You can easily extend the life of your favorite house plant or perennial by taking the roots from your potted plant outside where it can continue to grow and thrive where it should be. Follow these steps and you too can enjoy the splendors of a spring garden without spending a lot of money.  [photo via flickr]

1- Prepare your container plant for the great outdoors

Once you placed the seeds in the container, they start to germinate, and the plants begin to grow. Once the stems have leaves growing out of them, it’s time to decide which plant you’re going to place in the garden. You will obviously want to transplant the stronger plant and remove the weaker plant- simply cut it at ground level.  Move the healthier looking plant into a larger container where it can grow more. Take this plant outdoors.

2- Keep the plants in the sun

Once the frost ends and the weather becomes warmer, it’s time to take the plants outdoors where they can bask in the warm sun. To ease the transition from indoors to outdoors, you will want to slowly expose them to the sun. Start out with at least an hour everyday and gradually work up an hour more each day.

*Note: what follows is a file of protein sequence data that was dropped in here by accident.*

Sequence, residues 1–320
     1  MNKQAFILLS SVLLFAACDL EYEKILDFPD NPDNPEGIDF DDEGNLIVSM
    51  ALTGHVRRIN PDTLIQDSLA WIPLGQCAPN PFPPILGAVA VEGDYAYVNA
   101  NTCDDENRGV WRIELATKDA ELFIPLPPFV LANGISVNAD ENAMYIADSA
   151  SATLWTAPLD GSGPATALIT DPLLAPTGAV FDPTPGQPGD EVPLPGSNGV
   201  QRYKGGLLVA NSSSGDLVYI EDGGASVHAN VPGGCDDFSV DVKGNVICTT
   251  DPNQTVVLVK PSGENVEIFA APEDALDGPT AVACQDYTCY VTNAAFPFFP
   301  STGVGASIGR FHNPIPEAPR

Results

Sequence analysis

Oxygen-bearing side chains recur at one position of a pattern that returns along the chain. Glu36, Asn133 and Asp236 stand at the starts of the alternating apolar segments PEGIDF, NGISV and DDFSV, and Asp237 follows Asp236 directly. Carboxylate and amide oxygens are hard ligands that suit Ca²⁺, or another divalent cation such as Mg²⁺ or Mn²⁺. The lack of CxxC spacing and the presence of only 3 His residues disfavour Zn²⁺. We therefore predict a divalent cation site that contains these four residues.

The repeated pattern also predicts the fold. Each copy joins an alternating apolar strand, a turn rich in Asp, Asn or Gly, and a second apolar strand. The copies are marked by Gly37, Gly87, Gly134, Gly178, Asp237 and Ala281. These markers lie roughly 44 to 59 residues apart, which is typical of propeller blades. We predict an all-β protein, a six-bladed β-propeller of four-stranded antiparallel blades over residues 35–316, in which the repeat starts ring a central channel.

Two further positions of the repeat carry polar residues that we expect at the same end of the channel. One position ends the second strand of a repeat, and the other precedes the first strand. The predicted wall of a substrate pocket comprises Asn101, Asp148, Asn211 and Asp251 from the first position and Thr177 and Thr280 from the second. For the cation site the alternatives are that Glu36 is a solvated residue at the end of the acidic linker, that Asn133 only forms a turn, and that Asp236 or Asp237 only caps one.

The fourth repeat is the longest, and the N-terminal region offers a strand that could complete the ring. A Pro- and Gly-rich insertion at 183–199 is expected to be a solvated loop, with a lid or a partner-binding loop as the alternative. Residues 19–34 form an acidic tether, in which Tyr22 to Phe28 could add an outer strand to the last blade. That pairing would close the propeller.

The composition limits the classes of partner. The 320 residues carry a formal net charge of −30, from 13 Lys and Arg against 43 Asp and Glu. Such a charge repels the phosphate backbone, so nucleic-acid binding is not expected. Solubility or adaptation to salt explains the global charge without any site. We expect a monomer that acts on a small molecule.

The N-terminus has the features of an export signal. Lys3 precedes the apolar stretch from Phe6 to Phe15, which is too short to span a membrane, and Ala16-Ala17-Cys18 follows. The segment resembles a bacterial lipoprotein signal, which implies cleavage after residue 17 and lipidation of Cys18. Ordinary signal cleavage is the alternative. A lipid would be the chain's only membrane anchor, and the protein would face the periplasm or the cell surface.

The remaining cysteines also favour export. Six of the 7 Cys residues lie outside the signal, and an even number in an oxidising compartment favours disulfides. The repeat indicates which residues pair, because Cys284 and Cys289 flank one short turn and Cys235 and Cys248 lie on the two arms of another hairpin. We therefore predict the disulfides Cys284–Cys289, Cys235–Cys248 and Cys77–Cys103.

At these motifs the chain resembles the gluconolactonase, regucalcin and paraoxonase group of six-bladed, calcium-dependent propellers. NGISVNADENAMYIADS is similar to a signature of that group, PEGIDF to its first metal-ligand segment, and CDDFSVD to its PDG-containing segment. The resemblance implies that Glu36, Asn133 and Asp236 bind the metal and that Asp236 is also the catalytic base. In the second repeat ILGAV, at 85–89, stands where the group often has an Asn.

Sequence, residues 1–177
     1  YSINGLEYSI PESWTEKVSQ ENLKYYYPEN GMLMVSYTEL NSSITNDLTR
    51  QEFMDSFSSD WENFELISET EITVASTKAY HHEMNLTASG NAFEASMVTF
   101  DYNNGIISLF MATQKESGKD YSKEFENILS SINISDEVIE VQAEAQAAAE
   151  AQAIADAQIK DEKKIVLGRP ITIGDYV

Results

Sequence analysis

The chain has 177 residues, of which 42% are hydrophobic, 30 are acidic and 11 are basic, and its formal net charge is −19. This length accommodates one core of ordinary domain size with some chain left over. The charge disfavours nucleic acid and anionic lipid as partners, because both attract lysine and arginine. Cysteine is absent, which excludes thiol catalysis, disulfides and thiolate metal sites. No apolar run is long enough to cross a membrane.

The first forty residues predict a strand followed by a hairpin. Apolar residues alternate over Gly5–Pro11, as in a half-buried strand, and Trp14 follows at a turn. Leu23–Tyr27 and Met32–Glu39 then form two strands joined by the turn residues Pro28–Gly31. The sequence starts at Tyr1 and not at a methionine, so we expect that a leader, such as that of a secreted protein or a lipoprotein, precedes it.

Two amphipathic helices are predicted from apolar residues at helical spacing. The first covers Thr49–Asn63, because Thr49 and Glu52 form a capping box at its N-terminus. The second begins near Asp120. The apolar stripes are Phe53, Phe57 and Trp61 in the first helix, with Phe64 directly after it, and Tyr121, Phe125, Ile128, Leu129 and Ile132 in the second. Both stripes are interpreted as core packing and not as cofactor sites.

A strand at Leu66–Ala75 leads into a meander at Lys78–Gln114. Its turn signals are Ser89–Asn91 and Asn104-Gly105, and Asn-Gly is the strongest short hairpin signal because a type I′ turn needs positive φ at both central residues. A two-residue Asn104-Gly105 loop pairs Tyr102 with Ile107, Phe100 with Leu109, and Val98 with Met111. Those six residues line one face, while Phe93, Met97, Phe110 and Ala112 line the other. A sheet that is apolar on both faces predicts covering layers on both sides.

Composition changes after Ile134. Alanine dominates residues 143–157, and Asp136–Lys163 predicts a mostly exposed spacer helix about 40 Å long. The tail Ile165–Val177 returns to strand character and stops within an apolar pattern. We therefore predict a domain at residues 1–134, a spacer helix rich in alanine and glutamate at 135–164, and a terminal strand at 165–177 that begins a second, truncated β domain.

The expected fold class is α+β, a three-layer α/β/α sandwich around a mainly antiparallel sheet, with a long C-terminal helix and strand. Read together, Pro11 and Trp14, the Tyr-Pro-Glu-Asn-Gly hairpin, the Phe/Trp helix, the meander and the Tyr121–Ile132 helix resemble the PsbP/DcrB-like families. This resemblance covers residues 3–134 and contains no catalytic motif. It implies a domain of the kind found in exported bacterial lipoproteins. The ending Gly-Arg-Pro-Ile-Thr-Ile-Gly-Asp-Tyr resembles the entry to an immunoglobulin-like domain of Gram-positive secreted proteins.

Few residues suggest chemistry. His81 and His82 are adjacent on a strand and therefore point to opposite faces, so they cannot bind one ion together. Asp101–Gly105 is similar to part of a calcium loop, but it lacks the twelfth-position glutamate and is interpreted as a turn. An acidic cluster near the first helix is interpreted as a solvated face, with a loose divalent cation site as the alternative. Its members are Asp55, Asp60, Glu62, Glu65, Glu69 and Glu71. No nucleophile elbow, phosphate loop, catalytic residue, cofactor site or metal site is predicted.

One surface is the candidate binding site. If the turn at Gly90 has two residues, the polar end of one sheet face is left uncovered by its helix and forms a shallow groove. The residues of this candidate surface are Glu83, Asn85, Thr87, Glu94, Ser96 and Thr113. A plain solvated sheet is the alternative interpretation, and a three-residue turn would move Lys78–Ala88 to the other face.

3- Fix the garden up in preparation

Before you can transfer the plants into the garden, you need to prep the garden in advance. Start by applying organic compost to twelve inches of topsoil. This will help the soil retain water, which is crucial for healthy plants.

4- Propogate the plants to the soil

When the plants have grown a bit, it’s time to transplant the plants into the garden. Gently take the plant out of the container (unless it is a biodegradable container, if that’s the case you can simply place the plant with the container into the soil). If the plant has long roots that encircle the container, you may have to gently loosen the roots for easier removal. Once you’ve properly placed the plant into the soil, cover the surrounding area with more soil.

5- Continue to care for your plants

The adventure doesn’t stop there! You’ll need to make sure the plants are watered at least every other day. Remember to check on the plant’s water level before adding more water: you do not want to kill the plant. As the plant continues to grow, you can cut back on the amount you water to about once or twice a week. Finally yet importantly, you should cover up the ground surrounding your plant with mulch. This will help retain natural moisture and protect the plant from soil erosion.

Originally posted 2013-02-22 19:59:10.

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